I try to remember this sometimes, when part of me is ready to cry with frustration that I can't write as often as I'd like because of my family (or the laundry mountain they produce); or when reaching bedtime unscathed seems like a task Hercules might've baulked at. Then it's time to stop and look at the view. I'm writing such a lot more these days, and my focus is better. My family are beautiful, healthy and delightful. It simply isn't worth stressing over the little things.

Today we went to Bolsover Castle, partly to celebrate my approaching birthday. It's the setting for a short story I'm writing, too, so I took many, many photos and scribbled in my notepad. Being away from the keyboard was worthwhile. I will try to post another day on stereotypes and cliches, but there is nothing to replace standing in a place and trying to unpick the smells, sounds and feel of the place.

While I was busy admiring the view, and ignoring my feet, I saw several people who inspired me to write notes on characters. I had a few ideas for articles (although I doubt I'll ever get round to them...).  I even had  an idea for another story.

Getting away from the keyboard is such an inspirational thing to do. Going out and enjoying friends or family - guilt-free! - can provide valuable writing fodder. It turns out that in writing as well as mountain-climbing, taking time to enjoy the view can make the journey easier. Now to get back to the keyboard while I'm fired up...

Teachers' Favourite Books

Here is a list of teachers' top 100 books.  I'm not quite sure what I make of it - it does seem quite predictable in parts, and not necessarily reflective of much of the fabulous writing around now.  Sometimes children need to read some real page-turners - even if they're a bit trashy - to infect them with the love of reading so that they can come to access the classics in their own time.

Maybe I'm just touchy because a few of those listed in the top twenty were ones I didn't particularly like...and it makes me wonder what I'm missing! Like the Emperor admiring his latest outfit, it's tempting to join in with the general adoration of works like The Great Gatsby, but it did nothing for me. Wuthering Heights left me cold. I'm very (very) fond of Jane Eyre in its place, but I don't revisit it as often as Gone With the Wind, nor do I wallow in it with pleasure as I do Birdsong. Perhaps it's just all a matter of taste...what do you think? (And, am I missing something with The Great Gatsby??)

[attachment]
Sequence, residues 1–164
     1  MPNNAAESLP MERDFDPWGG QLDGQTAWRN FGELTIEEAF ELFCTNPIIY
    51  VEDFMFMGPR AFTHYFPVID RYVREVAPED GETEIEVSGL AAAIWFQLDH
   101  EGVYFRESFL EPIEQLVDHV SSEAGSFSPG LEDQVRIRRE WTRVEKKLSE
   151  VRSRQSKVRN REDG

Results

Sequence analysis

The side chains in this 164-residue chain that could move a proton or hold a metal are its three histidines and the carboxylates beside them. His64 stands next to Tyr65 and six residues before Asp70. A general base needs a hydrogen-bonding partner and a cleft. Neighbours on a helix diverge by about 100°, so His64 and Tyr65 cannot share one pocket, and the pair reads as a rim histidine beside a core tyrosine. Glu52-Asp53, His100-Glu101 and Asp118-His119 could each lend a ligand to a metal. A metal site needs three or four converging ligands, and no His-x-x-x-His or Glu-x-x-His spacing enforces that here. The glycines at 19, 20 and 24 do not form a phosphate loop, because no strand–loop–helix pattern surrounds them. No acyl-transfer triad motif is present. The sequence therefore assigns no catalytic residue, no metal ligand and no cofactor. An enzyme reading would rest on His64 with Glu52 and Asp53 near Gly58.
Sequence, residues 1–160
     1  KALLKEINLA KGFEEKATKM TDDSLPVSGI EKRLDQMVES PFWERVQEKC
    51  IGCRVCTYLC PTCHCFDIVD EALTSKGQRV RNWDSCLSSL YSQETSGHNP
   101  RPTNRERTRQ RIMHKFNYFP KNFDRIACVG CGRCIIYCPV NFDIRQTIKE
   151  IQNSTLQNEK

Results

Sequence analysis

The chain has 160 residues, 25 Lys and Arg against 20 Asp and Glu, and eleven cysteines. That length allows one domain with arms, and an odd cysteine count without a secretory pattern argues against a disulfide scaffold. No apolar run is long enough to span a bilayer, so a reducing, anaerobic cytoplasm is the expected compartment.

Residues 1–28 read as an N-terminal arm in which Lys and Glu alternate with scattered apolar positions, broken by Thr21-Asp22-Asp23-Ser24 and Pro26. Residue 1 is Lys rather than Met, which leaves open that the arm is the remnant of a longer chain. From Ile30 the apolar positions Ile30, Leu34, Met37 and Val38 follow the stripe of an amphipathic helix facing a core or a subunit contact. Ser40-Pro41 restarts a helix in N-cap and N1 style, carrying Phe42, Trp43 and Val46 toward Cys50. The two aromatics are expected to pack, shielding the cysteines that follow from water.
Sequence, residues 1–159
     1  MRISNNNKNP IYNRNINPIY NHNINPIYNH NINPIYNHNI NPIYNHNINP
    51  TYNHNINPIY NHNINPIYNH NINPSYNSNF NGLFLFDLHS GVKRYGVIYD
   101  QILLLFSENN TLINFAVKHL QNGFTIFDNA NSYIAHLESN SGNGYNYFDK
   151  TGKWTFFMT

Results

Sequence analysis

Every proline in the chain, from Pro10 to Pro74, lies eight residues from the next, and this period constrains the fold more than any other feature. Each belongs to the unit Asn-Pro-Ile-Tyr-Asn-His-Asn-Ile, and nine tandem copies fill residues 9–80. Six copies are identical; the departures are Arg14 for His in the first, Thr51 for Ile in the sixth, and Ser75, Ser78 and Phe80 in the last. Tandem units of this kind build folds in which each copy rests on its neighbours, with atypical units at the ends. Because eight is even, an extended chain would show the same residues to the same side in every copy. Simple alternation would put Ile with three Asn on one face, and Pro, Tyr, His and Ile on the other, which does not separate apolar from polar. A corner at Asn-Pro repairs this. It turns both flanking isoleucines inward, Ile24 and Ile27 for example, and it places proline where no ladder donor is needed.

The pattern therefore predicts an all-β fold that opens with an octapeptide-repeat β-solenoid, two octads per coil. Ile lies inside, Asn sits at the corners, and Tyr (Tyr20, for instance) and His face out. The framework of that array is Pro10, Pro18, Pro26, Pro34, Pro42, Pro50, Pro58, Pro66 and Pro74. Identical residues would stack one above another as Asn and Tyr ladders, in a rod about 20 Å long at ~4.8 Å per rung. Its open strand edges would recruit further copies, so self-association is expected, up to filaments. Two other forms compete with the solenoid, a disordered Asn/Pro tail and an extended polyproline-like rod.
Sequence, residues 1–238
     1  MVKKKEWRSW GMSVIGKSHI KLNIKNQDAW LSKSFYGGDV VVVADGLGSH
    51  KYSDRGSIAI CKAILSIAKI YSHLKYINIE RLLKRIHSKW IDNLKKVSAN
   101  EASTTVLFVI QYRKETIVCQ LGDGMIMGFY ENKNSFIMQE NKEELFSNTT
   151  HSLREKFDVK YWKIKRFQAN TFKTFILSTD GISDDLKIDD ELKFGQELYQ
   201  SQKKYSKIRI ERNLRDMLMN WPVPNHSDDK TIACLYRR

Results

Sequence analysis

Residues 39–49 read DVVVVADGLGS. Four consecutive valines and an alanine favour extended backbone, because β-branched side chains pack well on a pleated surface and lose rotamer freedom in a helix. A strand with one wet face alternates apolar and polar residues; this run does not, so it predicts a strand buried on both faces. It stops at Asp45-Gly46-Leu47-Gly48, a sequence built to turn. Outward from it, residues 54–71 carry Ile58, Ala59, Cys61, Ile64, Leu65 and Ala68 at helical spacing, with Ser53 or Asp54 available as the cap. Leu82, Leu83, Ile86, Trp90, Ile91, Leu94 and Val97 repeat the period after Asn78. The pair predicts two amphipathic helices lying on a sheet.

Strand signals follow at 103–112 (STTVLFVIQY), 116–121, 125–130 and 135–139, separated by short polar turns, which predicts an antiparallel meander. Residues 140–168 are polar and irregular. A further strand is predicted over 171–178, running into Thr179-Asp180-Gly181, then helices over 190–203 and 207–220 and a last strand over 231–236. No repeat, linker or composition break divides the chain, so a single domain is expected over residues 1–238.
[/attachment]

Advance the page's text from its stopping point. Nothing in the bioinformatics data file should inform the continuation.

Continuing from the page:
Wednesday, 3 April 2013

Publishing on

Like this blog post, I've not been entirely focused on writing lately. The week off that I promised myself has happened, although my happy little image of myself laughing with the children, decorating the front room and generally cavorting through meadows full of flowers wasn't a hundred percent accurate. To be fair, hindsight is usually much more precise than prediction, though, isn't it?

I have sanded some skirting boards. I have taken the children on a particularly horrific bike ride to the park. (Horrific not because of any accident, but because of the world-class whinging that accompanied it - the children's whinging, that is, not mine). I have braved IKEA on a bank holiday Monday. I have nibbled at an Easter egg, and wolfed a Creme Egg or two (and refused to look in the mirror).

There is a joy in taking a deliberate week off writing. I have been reading, and flicking through writing magazines, and my fingers are itching to be back on the keyboard. My mind will, I am sure, be more fertile for the break, and I feel like a better mother than I would have if I had tried to squeeze writing time into the hectic fortnight off.

We still have my birthday to celebrate (we're going to Bolsover Castle, the setting for the short story which is due next month, so I will be making the most of that!) and a sponsored walk, swimming lessons and visiting friends, relatives and babies, so I can't see myself getting much more writing done next week, beyond  planning and watching the world.

But tonight I have done something impressive: finally, I have published my Grandad's autobiography. He wrote it for me, and it took me ages to type it up. Since then I have added footnotes, scanned photos to include, and scoured the internet for extra information to go in the footnotes. It was meant to be a Christmas gift for my sisters and parents three years ago, then two years ago, then last year....and tonight I went onto and published it. Copies will soon be diving through my letter box. (Will I be able to hang onto them till next Christmas, or will I give them away now?) I'm so excited about crossing this off my to-do list. I'm so glad that I've finally done what I wanted for Grandad. It's not perfectly formatted, and the cover option were quite limited, I found - though adequate for this project - but it was surprisingly simple to do. I'm  technologically challenged at the best of times, and I didn't get frustrated or fed up once (although I got a little confused by the adding of ftp to the mix, which in the end I didn't use). (I don't know what ftp is. Something to help files upload quicker, apparently. Fairly Tricky Programme, maybe?)